- http://writeonteens.blogspot.com/2011/08/basics-possessive-pronouns-with-gerunds.html (this is a great site for teen writers and the author of this particular blog post on grammar is one of my favorites to follow)
· Pick up a guide. The classic “The Elements of Style” by Strunk and White is an essential tool for writers, and I highly recommend reading it if you haven’t already. (Stephen King recommends it in his book, “On Writing”, which is another good read for writers.)
I also recently purchased “Sparknotes Ultimate Style: A Concise Guide to Grammar, Usage, and Style: The Rules of Writing” at Barnes and Noble online for, get this, less than $1. It’s just about 130 pages and is organized alphabetically. There’s not much to it, but it addresses the most common grammar issues, like misused words and expressions, rules of punctuation, etc. It’s a great (and quick) reference guide to keep with you, especially if you don’t have access to the internet every time you’re writing.
There are tons of books out there on grammar (and editing, and writing, and dialogue, and…well, the list goes on and on) so make sure to do your due diligence. Read reviews, ask fellow writers/editors for recommendations, etc., and make sure not to overwhelm yourself by purchasing too many reference books on one topic. I stick to 2 or 3 at the most. If you don’t want to commit to purchasing them, see if you can borrow them (that’s what makes the library so great). *wink*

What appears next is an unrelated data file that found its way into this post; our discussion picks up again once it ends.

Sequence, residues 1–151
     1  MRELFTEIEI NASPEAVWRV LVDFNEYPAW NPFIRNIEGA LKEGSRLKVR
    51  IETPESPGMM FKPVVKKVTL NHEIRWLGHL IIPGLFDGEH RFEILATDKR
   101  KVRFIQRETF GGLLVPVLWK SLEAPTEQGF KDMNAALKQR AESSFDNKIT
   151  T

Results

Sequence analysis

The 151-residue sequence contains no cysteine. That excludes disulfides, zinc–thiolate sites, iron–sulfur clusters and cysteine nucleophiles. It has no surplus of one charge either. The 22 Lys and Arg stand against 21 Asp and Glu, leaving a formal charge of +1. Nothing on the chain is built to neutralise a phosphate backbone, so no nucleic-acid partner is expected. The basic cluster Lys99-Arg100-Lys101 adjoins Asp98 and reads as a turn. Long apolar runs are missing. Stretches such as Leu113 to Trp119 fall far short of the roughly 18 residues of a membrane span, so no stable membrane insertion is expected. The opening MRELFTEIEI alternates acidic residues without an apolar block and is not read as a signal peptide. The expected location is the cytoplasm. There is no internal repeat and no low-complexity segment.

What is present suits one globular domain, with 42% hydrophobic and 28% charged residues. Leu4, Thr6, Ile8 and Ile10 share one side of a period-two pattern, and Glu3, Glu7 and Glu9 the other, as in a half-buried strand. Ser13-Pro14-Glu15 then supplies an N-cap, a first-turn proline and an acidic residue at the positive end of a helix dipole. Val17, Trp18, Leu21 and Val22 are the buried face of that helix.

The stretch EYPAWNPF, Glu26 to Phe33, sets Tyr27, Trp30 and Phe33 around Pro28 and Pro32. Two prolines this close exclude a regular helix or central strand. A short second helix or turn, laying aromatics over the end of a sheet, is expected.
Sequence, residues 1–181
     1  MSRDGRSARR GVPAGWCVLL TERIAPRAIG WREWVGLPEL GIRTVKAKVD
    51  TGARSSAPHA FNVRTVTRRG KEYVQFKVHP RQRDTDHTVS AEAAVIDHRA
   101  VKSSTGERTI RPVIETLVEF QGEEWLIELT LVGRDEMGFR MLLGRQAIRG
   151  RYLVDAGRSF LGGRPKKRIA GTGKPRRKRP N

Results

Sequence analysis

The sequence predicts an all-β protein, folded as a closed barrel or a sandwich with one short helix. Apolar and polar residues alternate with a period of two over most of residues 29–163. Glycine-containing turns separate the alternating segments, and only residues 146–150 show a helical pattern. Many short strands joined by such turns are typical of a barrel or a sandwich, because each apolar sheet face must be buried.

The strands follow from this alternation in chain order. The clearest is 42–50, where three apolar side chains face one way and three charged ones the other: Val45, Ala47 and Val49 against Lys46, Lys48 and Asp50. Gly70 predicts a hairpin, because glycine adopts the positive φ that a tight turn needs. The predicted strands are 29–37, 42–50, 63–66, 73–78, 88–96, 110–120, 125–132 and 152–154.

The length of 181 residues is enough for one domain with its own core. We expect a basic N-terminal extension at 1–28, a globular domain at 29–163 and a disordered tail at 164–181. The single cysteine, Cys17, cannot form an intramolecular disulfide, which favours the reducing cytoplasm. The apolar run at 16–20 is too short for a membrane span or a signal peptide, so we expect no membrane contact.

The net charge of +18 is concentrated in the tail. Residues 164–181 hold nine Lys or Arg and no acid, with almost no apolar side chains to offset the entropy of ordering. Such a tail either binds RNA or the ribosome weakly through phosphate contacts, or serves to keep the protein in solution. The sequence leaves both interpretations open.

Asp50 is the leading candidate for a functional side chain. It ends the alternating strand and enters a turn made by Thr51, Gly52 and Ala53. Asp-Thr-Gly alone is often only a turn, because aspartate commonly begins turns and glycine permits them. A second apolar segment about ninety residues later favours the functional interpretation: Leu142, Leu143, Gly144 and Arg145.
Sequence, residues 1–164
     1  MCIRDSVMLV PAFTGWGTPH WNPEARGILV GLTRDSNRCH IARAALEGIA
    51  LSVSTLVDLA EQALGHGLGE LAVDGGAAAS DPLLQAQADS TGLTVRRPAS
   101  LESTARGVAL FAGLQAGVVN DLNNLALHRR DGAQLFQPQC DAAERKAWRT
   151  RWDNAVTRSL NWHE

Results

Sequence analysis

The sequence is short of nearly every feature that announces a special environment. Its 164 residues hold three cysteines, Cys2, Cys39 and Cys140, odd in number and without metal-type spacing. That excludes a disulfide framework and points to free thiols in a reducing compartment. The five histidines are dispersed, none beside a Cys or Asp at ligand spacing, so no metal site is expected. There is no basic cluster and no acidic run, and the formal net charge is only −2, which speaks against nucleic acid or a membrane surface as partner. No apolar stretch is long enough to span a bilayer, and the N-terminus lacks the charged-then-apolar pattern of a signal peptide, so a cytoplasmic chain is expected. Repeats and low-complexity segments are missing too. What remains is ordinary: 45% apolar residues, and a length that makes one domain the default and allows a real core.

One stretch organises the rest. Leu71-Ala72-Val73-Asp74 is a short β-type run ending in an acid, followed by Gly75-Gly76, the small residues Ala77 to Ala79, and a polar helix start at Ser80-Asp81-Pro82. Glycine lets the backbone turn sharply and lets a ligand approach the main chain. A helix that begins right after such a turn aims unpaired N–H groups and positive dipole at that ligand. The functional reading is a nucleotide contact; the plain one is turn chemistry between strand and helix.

- Take a class. Okay, this one is a bit extreme, but if you really feel like you need the help, check to see if your local colleges or adult education centers offer classes. There are also some online. For some writers, you may feel silly, like “I should know these things”, but there is no shame in brushing up and bettering yourself in the way of education, especially if you plan to make writing your career.